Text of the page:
Davide Ruggeri, an 18-year-old high school student in Rome, first began to notice the effects of the migration crisis in his early teens. It was a time when North Africa was in turmoil. Thousands of people were fleeing in makeshift boats to Italy’s coasts and moving up through the rail network, in search of better lives in the wealthier countries of Northern Europe. Some made it to Ruggeri’s neighborhood on the eastern outskirts of Rome, where they eked out a living in squats and the black economy.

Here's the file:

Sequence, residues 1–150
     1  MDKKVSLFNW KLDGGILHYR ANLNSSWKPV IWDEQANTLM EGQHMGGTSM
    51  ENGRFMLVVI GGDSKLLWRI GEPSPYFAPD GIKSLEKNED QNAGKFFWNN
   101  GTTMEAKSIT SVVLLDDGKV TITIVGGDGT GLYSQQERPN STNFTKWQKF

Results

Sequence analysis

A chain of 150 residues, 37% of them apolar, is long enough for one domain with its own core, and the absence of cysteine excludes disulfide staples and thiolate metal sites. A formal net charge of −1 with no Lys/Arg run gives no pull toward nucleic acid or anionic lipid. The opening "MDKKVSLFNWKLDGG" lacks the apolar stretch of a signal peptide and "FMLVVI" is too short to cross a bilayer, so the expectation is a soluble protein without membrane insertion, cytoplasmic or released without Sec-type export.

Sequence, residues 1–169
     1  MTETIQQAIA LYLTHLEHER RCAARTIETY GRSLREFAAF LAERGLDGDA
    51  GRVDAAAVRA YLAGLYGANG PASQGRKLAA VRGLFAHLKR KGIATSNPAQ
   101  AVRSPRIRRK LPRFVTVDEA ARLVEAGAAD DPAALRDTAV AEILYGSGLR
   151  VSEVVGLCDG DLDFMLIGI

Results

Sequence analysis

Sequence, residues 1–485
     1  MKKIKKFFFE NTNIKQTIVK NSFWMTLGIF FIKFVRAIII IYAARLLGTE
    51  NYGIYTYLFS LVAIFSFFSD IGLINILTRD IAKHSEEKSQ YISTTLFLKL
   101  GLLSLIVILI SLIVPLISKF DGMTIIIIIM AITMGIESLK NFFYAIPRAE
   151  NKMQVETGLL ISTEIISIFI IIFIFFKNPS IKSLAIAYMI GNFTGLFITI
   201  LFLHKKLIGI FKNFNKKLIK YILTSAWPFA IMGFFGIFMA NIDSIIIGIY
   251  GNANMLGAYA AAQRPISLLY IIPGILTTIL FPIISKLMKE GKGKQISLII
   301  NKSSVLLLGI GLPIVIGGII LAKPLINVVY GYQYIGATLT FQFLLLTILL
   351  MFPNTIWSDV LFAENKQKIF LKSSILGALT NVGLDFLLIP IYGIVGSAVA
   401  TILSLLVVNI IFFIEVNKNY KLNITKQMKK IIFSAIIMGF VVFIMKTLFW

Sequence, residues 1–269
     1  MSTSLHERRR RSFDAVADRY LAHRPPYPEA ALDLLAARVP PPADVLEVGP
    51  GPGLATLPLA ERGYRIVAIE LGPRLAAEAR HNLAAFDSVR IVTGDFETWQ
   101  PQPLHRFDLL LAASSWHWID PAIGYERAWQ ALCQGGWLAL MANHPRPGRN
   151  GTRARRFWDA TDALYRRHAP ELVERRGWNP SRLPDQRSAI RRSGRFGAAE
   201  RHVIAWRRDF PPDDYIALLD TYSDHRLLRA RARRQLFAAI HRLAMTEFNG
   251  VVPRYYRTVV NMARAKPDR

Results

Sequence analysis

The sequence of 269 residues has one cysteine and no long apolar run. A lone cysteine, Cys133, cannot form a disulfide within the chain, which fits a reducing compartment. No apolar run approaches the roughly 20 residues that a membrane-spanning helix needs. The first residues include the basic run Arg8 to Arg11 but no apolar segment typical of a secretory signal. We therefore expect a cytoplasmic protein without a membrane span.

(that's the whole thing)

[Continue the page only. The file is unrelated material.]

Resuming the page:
The son of a teacher and an IT technician, Ruggeri holds the view — widespread in Italy — that the country has been abandoned by the European Union and forced to deal with the crisis alone: bearing the brunt without adequate funds to deal with it, disadvantaged by EU rules that asylum seekers must claim refuge in the country they first arrive in, irrespective of whether they hoped to travel on to another EU country.
Asked whether he feels European, he hesitates.